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Government and the economy

Lesson in Course: Market movements (advanced, 7min )

How does the government deal with an economic crisis?

Eureka!

What it's about: The government sets two economic policies (fiscal and monetary) somewhat independently that significantly impact the economy.

Why it's important: While everyone wants a healthy economy, these policies can work together or against each other.

Key takeaway: Keeping an eye on both the Fed and government spending will help us anticipate changes in the market and understand its effect on our investments.

The central bank of the United States, or the Federal Reserve, is one of two economic policymakers. It decides monetary policy, which changes the money supply in the economy. When the Fed creates money, the Federal Government steps in and distributes it throughout the economy to consumers with its fiscal policy. 

Fiscal policy

The set of tools and actions by governments to distribute money and stimulate the economy, mostly through taxes and government spending.

The central bank enacts monetary policy while government enacts fiscal

Both policymakers are essential to the health of the economy. So let's take a quick dive into how monetary and fiscal policies work together.

 

Printing money by the Federal Reserve

When the economy is in a depression, both the Fed and the Federal Government need to work together to benefit us, the people.

Check out this clip to see how they stimulate the economy
https://www.youtube.com/embed/PHe0bXAIuk0?start=1450&end=1565

The central bank prints money

When interest rates are at 0%, the Fed can't create credit by changing interest rates. Instead, the central bank relies on printing money. 

"Printers go brrrrr"

The Fed uses quantitative easing as a tool to create money in this situation.

Quantitative easing

When the central bank buys financial assets (usually government bonds) to create money that can be spent and distributed throughout the economy.

The federal government distributes money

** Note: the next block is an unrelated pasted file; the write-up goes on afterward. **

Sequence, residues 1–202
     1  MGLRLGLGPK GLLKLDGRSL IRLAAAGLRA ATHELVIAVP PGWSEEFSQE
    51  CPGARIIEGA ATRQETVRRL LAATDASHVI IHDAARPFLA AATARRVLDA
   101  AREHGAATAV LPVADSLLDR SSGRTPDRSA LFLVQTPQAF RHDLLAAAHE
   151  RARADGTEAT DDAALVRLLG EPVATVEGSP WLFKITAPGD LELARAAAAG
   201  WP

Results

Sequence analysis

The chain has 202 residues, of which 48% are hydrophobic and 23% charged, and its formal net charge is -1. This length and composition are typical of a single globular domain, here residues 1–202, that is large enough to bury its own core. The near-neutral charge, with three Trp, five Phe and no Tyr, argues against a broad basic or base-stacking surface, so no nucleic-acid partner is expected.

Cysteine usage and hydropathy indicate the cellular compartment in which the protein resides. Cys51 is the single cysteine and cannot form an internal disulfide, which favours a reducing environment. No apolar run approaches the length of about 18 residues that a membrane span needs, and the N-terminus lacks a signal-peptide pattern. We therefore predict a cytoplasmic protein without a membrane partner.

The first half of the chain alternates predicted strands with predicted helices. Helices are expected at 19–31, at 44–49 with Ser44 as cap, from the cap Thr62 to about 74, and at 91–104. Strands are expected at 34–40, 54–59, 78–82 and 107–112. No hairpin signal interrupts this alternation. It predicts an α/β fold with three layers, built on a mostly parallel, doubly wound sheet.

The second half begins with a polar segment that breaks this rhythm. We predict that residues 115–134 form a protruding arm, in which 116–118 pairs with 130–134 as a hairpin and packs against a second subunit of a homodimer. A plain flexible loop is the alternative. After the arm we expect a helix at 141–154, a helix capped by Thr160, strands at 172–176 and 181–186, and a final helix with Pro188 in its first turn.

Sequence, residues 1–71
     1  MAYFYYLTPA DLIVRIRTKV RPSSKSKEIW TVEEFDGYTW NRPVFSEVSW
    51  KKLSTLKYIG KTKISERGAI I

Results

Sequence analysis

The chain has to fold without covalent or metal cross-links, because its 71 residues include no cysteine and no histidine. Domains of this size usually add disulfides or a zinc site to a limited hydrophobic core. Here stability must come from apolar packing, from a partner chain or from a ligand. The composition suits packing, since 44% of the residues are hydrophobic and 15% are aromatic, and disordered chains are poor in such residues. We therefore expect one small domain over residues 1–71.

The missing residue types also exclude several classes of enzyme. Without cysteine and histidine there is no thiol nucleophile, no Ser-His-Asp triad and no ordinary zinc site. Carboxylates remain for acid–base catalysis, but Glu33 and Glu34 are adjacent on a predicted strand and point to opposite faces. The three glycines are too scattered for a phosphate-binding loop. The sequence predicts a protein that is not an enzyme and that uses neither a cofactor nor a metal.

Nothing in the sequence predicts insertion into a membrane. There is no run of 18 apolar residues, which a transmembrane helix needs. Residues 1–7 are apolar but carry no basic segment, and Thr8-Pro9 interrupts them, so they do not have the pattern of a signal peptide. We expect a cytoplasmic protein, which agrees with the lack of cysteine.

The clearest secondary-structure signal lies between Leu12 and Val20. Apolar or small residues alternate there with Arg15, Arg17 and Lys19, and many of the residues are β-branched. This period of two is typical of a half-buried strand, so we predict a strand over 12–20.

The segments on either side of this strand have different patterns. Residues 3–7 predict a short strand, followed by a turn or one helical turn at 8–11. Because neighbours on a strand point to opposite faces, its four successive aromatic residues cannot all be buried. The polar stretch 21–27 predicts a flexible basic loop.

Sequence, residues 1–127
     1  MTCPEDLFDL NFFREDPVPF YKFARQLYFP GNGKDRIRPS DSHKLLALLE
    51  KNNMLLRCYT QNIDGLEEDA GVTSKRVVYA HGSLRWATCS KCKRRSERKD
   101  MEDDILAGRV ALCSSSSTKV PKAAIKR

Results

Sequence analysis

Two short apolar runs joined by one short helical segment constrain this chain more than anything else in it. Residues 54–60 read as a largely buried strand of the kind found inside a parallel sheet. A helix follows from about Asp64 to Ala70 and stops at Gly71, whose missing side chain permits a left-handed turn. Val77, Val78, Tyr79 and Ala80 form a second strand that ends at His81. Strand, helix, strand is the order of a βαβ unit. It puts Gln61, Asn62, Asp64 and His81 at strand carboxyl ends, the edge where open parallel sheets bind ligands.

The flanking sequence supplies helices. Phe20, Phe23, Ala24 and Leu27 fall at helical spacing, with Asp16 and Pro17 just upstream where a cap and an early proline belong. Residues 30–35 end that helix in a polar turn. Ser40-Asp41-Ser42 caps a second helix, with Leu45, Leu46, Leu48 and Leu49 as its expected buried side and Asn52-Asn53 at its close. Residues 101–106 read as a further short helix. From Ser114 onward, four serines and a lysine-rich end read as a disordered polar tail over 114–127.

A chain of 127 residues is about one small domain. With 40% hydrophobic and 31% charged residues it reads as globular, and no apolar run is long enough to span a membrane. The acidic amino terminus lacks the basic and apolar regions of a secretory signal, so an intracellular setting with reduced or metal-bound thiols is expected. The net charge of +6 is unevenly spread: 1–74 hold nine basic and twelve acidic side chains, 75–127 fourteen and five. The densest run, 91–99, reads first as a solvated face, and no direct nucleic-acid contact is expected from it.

When the Fed uses quantitative easing to buy US Treasury bonds, the central bank has lent money to the central government. Borrowing adds debt (owed by the government in this case) and credit to the economy, increasing the money supply. The Federal Government then distributes the money to people through stimulus programs, tax cuts, investments, and spending on other goods and services.

The Federal Government distributes money through fiscal policy

More government spending and stimulus encourages consumers to start spending and purchasing again. As transactions pick up, the economy begins to recover and grow again. Eventually, the economy will enter a new expansion phase, and the central government can raise taxes to repay the debt owed to the central bank. The Fed might sell the US Treasury Bonds back to the federal government. 

However, a budget has to be approved by bipartisan policymakers before government spending and stimulus can be distributed.

 

How bipartisan politics affect fiscal policies

Policymakers need to balance the amount of money printed and the stimulus required to jumpstart the economy to prevent too much spending. The worst-case scenario is when the government overspends and cannot pay back the debt in time. We have a similar experience when we borrow too much individually, having multiple mortgages, car loans, and maxed-out credit cards. While the US government has not defaulted (missed a payment) yet, some states and other countries have. 

Balancing the fiscal budget requires cooperation between the executive and legislative branches. The President starts the process by presenting a budget plan to Congress. The House of Representatives and the US Senate have to review and approve the budget before any money is spent.

It takes bipartisan effort for money to be distributed

Less spending and borrowing

In general, Republicans are more fiscally conservative. They prefer to borrow less money and limit the amount of credit created. 

More borrowing and spending

On the other hand, Democrats tend to support more social programs and strong safety nets that require more government spending. 

It takes a bipartisan effort to agree on a budget, and there have been cases where budgets did not meet approval. In January 2018 and January 2019, the government shut down because an agreement could not be made on the budget. However, in response to COVID-19, both parties put aside their differences to pass a $2 trillion stimulus package called the CARES Act.

Actionable ideas

As an investor, understanding the balance between fiscal and monetary policies will help give you clues about what might happen in the stock market. In most cases, monetary policies occur first to make funds available for fiscal policies. For instance, the Fed started cutting interest rates and using quantitative easing in response to the possible fallout of COVID-19 in early March 2020, before the CARES Act passed later that month.

The S&P 500 responded by starting to recover as investors anticipated the economic benefit of the stimulus package for recovery. (Sunday, March 22, 2020, was the first procedural vote on the bill).

Glossary

Fiscal policy

The set of tools and actions by governments to distribute money and stimulate the economy, mostly through taxes and government spending.

Quantitative easing

A tool used by the Fed to stimulate the economy. It's when the central bank buys financial assets (usually government bonds) to create money that can be spent and distributed throughout the economy.

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